Opodeldoc

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Opodeldoc is a name given by the physician Paracelsus to a sort of liniment which he invented, or at least on which he bestowed this name.

Paracelsus's opodeldoc was a mixture of soap in alcohol, to which camphor and sometimes a number of herbal essences, most notably wormwood, were added. Paracelsus's recipe forms the basis for most later versions of liniment.[1]

Kurt Peters speculates that the curious name opodeldoc was concocted by Paracelsus from syllables from the words "opoponax, bdellium, and aristolochia." Opoponax is a variety of myrrh; bdellium is Commiphora wightii, which produces a similar resin; and Aristolochia is a widely distributed genus which includes Aristolochia pfeiferi, Aristolochia rugosa and Aristolochia trilobata that are used in folk medicine to cure snakebites.. The name suggests that these aromatic plants may have figured in Paracelsus's recipe.[2]

The Pharmacopoeia of the United States (U.S.P.) gives a recipe for opodeldoc that contains:

  • Powdered soap, 60 grams;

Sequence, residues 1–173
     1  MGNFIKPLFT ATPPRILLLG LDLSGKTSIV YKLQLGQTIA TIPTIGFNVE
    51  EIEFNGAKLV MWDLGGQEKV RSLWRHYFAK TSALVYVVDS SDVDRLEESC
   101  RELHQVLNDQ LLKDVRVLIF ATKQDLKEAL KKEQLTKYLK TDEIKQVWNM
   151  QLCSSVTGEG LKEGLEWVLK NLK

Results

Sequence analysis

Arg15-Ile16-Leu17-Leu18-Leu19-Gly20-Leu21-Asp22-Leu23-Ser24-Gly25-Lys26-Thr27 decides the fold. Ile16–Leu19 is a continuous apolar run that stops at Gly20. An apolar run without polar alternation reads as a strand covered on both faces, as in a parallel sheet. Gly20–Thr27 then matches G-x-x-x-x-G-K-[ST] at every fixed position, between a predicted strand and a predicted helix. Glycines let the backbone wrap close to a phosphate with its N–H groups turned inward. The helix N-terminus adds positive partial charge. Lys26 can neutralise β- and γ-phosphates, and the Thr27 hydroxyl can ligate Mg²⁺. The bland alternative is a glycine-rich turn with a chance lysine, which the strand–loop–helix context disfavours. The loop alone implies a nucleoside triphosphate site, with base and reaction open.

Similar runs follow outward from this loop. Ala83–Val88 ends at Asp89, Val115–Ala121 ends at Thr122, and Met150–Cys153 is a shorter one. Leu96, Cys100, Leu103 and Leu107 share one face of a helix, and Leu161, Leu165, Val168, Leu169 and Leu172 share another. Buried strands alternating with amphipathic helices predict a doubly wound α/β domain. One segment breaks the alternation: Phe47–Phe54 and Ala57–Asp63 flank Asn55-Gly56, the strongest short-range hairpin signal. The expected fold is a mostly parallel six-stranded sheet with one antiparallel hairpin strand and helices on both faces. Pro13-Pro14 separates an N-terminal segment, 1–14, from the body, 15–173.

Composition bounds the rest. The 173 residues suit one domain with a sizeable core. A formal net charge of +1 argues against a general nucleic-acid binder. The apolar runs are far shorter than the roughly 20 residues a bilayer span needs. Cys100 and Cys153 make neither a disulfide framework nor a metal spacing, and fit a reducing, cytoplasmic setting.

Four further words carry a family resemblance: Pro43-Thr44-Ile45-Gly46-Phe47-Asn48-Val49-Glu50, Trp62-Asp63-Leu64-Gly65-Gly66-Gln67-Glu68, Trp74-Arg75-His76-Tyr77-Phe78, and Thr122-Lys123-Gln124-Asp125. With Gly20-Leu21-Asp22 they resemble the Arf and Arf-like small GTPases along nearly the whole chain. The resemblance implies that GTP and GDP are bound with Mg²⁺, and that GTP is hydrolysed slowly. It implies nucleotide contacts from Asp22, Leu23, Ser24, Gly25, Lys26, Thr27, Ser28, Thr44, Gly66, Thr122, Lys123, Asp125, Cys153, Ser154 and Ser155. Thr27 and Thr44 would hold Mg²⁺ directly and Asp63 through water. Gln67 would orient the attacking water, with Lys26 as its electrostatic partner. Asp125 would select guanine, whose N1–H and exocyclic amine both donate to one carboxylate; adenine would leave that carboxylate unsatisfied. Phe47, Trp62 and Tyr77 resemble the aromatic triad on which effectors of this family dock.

• Camphor, 45 grams;
  • Oil of rosemary, 10 milliliters;
  • Alcohol, 700 milliliters;
  • Water, enough to make 1000 milliliters

The name Old Opodeldoc was formerly used as a standard name for a stock character who was a physician, especially when played as a comic figure. Edgar Allan Poe used "Oppodeldoc" as a pseudonym for a character in the short story "The Literary Life of Thingum Bob, Esq."[3] Steer's Opodeldoc was a patent medicine that was widely promoted during Poe's life. As late as the early 1990s 'Epideldoc'(sic) was made up on demand by several pharmacists in the Northwest of England.

Josef Švejk, a character in the Jaroslav Hašek's novel The Good Soldier Švejk, used Opodeldoc for treatment his rheumatism.

References[edit]

  1. ^ Michael Quinion, World Wide Words, May 27, 2006
  2. ^ Burton R. Pollin, "Poe’s Literary Use of “Oppodeldoc” and Other Patent Medicines", Poe Studies, December 1971, vol. IV, no. 2, 4:30-32
  3. ^ Pollin, above